Should a Business Be Run Like an Army?

“You make me look like the bad guy,” Carl told me.

We were having drinks after a long day’s work. Although we implemented a strict rule against talking about work after work (and especially when drinking), we were drinking … so we ignored our rule.

The problem, Carl explained, was that I was too complimentary toward the company’s middle management.

“You want first-class service for our customers,” he correctly pointed out, “and yet you are telling our managers that you love what they do – even though they are making mistakes.”

He was right. That’s what I usually do: I make sure that I say more good things than bad, so the bad will be listened to.

“But then when I tell them what they’re doing wrong, they tell me, ‘But Michael says I’m doing fine.'”

I could see his point. Some of his employees, like children, were not averse to pitting one authority figure against another. If Carl tells them, as he wants to, that he’s not satisfied with their work, they think (or say), “But Michael Masterson is happy with it.”

“If we want things to get better, we have to run this business like an army,” Carl said. “Our job is not to be nice. Our job is to get the work done.”

On that point, we are agreed. But our differences in management style are unlikely to change, because they are each based on a different management philosophy.

Carl’s model is, as he says, a military one. The military management system achieves a high degree of precision and performance by converting otherwise unruly young men (for the most part) into automatons that will do exactly what they are told – even if it jeopardizes their own safety or (as we’ve recently seen) violates ethical codes of behavior.

It’s not easy to get people to perform like that. The best way to do so is to put them through a period of physical and psychological abuse sufficiently extreme to break down their egos and eliminate any sense of individuality.

What’s good about the military model is that it produces extremely loyal and responsive soldiers. If you want your people to do exactly what you say exactly when you say to do it, the military model is the best one.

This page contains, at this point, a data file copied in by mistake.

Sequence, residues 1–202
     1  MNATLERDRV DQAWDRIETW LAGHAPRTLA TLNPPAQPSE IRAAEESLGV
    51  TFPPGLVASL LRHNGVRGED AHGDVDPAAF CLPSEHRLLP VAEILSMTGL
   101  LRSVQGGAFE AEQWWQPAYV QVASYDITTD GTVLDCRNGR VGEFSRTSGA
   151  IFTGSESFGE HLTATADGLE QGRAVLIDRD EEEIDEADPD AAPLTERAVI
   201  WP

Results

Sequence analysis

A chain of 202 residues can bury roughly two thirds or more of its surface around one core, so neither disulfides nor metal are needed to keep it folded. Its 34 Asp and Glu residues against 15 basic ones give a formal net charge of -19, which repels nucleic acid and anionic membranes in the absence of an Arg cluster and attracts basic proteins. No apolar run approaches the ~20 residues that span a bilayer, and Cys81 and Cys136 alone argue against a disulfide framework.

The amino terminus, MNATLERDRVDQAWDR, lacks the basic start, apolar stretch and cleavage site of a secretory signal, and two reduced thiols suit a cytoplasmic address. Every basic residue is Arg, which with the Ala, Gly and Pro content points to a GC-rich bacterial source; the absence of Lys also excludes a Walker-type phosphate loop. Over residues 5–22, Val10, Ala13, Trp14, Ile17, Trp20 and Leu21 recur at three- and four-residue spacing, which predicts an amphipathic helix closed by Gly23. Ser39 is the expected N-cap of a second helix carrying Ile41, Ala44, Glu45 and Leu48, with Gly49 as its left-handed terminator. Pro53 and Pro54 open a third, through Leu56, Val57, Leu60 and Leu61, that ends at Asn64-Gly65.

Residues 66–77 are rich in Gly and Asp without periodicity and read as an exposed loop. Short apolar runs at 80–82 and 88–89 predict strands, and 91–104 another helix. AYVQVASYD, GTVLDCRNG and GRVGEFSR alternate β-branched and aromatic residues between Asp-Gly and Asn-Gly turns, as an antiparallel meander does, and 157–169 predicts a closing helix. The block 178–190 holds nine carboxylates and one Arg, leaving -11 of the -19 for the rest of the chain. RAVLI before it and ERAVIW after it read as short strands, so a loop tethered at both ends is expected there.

The problem with the military model is the same problem that armies face when they use it. Soldiers are trained to take and execute orders, not to think for themselves.

Soldiers work best when they get orders that make sense. So long as the generals know what they are doing and the chain of command works well, the army will do well. But when the generals can no longer figure out how to win the war and the communication systems begin to break down, the military model becomes a liability.

It begins to work against you for the same reason it worked for you: Nobody questions the orders. Once the orders themselves get foggy or misguided, the army quickly loses ground. Since it relies on top-down problem solving, it has no effective way of fixing problems with solutions that make sense – solutions that come from the bottom.

This is why formal armies find it nearly impossible to defeat localized resistance. The local fighters are able to change their tactics at will to suit their intuitive sense of how things are going.

They don’t need to wait for orders.

I don’t like the military model for business, because I don’t want to be a general. I don’t want to take on the pressure of having to solve all the problems, iron out all the details, and answer all the questions that inevitably come up. I want my managers to develop their own problem-solving skills so they can run the business themselves as soon as possible.

In other words, because I don’t want to be in charge, I prefer a management system that teaches people how to manage themselves. For me, that’s a program that involves enough positive encouragement to “win their hearts” (as a friend so aptly put it). Because only when their hearts trust my intentions will their minds be open to learning.

The model that achieves this is something like a coach/athlete model. I am not going to be running the race. The athletes are. I want them to believe in themselves so they will have the confidence to train hard and eventually win.

They need to trust my judgment. But when the games begin, it will be they … not I … who will be doing all the work and making all the split-second decisions. They must be ready to succeed, not me.

My goal is to develop independent profit makers and problem solvers. To achieve that goal, I must begin with a capable person. Rather than tear his ego down, I need to boost his confidence and let him know that I care about him.

I do this by giving him as many compliments as I can – and by making them sincere, specific, and frequent. I need to pay attention to his strengths and weaknesses. And I need to identify his special genius and let him know that I appreciate it.

By letting him know I believe in him, I ignite a spark of self-confidence that can fuel his growth. Since I want to develop an independent problem solver (and profit producer) rather than a soldier, I need to develop, first and foremost, his sense of individuality and inner strength.

Obedience and loyalty are the hallmarks of good soldiers. Confidence and creativity are the hallmarks of problem solvers.

Both management systems work. The question is: What kind of worker do you need?

[Ed. Note: Mark Morgan Ford was the creator of Early To Rise. In 2011, Mark retired from ETR and now writes the Palm Beach Letter. His advice, in our opinion, continues to get better and better with every essay, particularly in the controversial ones we have shared today. We encourage you to read everything you can that has been written by Mark.]